Sea cucumbers which can fetch up to $500 a kilogram dried are so in demand by restaurants across Asia that some species face extinction.
New research published by The Royal Society today says over-exploitation has reduced wild populations of the most expensive species by more than 60%.
Lead author Dr Steven Purcell from Southern Cross University says certain sea cucumbers in Australia are at risk.
“Corals are not the only thing under grave threat on Australia’s Great Barrier Reef,” he says.
“Sea cucumbers have been severely over-exploited in fisheries in the Pacific, southeast Asia and the Indian Ocean.”
He says sea cucumbers for sale in Sydney were probably all caught legally and under license in the Great Barrier Reef, Northern Territory, Torres Strait or the Coral Sea.
Poachers, attracted by the high prices for wild stock sea cucumbers, operate in Australian waters. Authorities have intercepted cargoes worth hundreds of thousands of dollars.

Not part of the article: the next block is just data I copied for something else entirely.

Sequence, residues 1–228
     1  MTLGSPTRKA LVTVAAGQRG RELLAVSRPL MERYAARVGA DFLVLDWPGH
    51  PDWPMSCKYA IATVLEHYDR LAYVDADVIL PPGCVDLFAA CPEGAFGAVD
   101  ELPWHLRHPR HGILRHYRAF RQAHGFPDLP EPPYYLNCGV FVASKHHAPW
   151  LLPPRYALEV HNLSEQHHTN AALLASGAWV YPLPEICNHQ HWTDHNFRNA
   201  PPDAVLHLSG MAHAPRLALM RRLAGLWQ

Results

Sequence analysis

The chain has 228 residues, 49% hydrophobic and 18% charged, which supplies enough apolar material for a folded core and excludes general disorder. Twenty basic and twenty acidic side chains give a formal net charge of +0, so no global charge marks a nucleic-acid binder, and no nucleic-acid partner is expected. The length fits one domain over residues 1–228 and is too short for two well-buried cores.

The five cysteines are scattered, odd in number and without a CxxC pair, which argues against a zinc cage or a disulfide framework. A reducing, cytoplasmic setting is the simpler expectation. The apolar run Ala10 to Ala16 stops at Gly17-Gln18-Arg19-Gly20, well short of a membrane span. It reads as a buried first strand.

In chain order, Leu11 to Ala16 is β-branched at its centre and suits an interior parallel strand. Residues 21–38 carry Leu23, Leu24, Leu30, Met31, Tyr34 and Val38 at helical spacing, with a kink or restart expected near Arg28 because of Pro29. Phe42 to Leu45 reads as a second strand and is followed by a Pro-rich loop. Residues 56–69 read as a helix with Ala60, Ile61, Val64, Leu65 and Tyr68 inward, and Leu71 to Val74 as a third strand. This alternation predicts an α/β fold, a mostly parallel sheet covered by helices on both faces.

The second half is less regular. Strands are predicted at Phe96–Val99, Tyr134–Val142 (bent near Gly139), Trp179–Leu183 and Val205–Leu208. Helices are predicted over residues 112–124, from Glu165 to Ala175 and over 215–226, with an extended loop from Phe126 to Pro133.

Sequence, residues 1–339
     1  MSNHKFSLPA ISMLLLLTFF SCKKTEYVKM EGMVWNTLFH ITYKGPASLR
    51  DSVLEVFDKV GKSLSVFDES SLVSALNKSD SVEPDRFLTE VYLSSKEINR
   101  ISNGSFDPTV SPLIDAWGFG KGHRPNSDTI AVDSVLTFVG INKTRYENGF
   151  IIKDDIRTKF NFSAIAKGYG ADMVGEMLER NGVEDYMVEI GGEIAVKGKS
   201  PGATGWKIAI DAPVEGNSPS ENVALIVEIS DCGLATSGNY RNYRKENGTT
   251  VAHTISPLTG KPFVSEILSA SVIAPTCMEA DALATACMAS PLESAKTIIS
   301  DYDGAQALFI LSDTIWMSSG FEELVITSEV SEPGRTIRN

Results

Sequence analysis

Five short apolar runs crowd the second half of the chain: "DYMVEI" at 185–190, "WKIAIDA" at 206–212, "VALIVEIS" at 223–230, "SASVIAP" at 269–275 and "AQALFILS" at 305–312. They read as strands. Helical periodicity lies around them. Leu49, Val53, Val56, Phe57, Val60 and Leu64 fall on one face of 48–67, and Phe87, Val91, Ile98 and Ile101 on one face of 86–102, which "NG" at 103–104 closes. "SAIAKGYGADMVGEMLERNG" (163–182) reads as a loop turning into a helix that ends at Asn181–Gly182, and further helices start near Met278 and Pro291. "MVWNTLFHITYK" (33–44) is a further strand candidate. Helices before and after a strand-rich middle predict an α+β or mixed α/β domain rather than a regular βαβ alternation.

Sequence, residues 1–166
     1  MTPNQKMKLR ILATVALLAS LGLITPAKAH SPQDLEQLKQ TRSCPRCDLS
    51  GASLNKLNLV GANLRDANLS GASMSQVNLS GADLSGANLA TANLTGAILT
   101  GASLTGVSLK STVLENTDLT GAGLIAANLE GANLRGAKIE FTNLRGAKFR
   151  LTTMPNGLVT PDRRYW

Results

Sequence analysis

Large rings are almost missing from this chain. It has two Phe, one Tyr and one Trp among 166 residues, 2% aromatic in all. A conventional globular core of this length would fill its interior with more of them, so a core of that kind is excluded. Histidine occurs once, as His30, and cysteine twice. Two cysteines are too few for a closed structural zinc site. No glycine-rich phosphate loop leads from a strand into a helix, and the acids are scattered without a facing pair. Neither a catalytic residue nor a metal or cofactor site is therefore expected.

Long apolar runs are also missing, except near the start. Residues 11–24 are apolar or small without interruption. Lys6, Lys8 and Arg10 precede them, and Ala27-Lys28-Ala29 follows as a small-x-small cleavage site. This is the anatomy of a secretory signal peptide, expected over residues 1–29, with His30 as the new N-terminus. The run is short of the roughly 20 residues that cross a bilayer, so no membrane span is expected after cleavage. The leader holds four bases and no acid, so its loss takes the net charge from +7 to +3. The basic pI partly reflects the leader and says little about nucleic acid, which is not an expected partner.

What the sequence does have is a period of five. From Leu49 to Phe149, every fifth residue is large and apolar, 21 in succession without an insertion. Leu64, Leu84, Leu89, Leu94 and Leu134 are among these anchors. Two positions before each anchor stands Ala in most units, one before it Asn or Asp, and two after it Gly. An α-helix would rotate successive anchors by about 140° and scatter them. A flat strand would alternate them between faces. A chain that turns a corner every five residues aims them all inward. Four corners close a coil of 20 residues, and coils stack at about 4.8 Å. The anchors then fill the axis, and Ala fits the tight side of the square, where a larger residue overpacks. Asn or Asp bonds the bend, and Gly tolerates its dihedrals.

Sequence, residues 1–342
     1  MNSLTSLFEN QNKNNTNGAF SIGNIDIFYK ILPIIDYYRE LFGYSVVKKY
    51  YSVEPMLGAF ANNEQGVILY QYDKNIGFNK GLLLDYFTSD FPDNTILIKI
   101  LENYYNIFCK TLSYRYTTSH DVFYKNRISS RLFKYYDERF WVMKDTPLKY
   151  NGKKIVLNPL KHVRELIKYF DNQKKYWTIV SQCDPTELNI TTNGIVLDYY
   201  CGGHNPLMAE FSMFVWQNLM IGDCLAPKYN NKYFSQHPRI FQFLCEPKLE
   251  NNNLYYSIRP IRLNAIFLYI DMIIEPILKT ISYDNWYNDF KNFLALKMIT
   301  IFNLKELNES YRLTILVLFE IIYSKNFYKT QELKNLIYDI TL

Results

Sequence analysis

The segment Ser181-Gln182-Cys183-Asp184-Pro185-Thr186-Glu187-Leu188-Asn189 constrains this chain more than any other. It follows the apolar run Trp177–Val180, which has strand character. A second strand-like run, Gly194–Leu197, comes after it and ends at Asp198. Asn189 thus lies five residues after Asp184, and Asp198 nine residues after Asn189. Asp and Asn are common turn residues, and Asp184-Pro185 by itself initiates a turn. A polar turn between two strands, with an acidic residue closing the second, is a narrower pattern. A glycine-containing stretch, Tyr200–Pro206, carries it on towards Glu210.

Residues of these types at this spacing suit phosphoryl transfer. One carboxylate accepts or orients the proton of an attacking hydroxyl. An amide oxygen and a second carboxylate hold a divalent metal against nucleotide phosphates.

Sea cucumbers, also known as bech de mer, are used in Chinese food and are said to have aphrodisiac qualities.
Dr Purcell says 16 sea cucumber species are threatened with extinction on the IUCN (International Union for Conservation of Nature) Red List.
“A study published last year showed evidence that high-value sea cucumber species have been serially exploited by commercial fishing on the Great Barrier Reef, attributed in part to unresponsive management and little baseline data on their population sizes.”
Nine of the sixteen species now classified on the IUCN Red List as Vulnerable or Endangered are found on the Great Barrier Reef.
“Most of those are currently, or have recently been, exploited,” he says.
“While I cannot say that the populations on the Great Barrier Reef are at immediate risk of extinction, the species are certainly at grave risk on a broader geographic scale.”
He says there should be greater investment into independent research to understand population numbers and effects of fishing on Australian reefs .
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